A 27-year-old female gravida 5 para 2 presented to her OB/GYN with a self-palpated left breast mass and associated pain. Family history included a paternal grandmother with breast cancer at age 68; she had a personal history of systemic lupus erythematosus. Ultrasound examination demonstrated in the left breast at the 3:00 position, 3 cm from the nipple an oval parallel mixed echogenicity mass comprised of hypoechoic vascular tissue with anechoic cysts, minimally stiff on elastography, measuring 3.1×0.7×2.5 cm3 (Figure 4). She was referred to breast surgery and clinical exam showed a 3×2 cm2 firm mobile mass at the site of her palpable abnormality; no axillary adenopathy was noted. Ultrasound guided core needle biopsy yielded PASH, focal atypical ductal hyperplasia (ADH), apocrine metaplasia and cysts, intraductal papillomatosis, and a benign sclerosing lesion. Pathology was concordant with imaging and clinical exam. Excisional biopsy was recommended due to presence of ADH and clinical symptoms (pain, bothersome palpability). Surgical pathology yielded PASH, florid usual ductal hyperplasia, a complex sclerosing lesion with associated microcalcifications, and microcysts. She recovered well post-operatively and continues bi-annual surveillance in a high risk breast cancer program.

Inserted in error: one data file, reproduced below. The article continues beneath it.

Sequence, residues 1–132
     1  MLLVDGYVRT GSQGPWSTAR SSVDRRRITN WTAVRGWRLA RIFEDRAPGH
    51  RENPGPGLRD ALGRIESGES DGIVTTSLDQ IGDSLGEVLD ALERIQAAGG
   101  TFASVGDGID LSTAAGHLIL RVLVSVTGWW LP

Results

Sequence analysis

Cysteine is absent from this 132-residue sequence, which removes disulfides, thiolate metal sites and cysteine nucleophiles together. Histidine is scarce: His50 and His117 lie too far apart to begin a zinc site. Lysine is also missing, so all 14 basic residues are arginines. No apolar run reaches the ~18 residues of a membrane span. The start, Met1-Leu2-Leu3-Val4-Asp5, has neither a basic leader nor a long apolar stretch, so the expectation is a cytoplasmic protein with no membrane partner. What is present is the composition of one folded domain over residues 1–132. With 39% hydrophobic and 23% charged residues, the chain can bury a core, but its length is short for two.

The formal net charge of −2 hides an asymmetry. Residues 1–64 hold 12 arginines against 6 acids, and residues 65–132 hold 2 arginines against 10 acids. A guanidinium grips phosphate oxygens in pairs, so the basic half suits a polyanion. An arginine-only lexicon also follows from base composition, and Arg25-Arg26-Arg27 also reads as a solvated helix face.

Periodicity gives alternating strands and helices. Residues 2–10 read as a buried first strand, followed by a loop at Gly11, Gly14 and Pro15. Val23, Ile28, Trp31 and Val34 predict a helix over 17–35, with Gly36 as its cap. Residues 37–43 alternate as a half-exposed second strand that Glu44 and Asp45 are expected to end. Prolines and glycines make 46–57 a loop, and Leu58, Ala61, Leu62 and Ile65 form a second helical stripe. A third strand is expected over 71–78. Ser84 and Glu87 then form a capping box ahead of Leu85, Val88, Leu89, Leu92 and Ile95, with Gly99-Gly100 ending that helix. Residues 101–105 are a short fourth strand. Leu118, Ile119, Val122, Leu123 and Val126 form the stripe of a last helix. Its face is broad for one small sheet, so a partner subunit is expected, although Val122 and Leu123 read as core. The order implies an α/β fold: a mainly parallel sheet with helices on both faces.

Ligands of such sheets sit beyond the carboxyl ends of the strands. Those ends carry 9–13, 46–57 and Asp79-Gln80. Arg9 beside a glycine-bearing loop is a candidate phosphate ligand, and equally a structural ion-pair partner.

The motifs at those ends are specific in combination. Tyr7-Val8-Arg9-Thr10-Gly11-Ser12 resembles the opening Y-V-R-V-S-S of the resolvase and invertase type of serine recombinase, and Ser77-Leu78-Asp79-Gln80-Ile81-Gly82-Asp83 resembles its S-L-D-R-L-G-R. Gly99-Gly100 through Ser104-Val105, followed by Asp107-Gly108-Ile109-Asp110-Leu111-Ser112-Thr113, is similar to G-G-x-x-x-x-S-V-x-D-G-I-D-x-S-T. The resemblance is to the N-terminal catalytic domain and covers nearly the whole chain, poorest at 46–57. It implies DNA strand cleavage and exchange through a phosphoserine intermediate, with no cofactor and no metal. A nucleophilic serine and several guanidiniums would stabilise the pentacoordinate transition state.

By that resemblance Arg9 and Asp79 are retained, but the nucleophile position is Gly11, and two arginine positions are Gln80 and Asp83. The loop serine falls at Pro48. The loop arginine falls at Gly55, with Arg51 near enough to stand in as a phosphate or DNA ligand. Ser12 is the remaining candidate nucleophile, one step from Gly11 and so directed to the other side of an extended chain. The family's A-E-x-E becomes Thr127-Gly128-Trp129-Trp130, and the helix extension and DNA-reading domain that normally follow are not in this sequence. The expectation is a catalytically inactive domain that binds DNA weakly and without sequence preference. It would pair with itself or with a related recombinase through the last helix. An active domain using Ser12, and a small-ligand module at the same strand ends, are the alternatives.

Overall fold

A 48-year-old pre-menopausal female, gravida 1 para 1, presented with a self-palpated left breast mass. The patient had a strong family history of breast cancer, involving her mother at age 54, a paternal aunt at age 44, and a maternal aunt at unknown age. There was also a history of pancreatic and uterine cancers on the maternal side. Clinical exam demonstrated a 2 cm mass in the left breast lower outer quadrant without axillary lymphadenopathy. Diagnostic mammography showed an oval density in the area of palpable abnormality in the left breast without suspicious calcifications (Figure 1). On targeted ultrasound, at 5 o’clock 1 cm from the nipple, there was an oval parallel hypoechoic mass with slightly indistinct margins and without internal flow, soft on elastography images (Figure 2). Ultrasound examination of the left axilla demonstrated 3 unremarkable lymph nodes. Ultrasound-guided vacuum assisted core biopsy yielded PASH, columnar cell change, and usual ductal hyperplasia. The pathology results were concordant with the imaging and clinical exam findings. Surgical excision and clinical observation were discussed. Due to the small size and lack of associated symptoms, observation was elected. There was no interval change in size, imaging characteristics, or symptoms at one year of follow-up (Figure 5). The patient was referred to genetics for consultation regarding her family history of breast and other malignancies.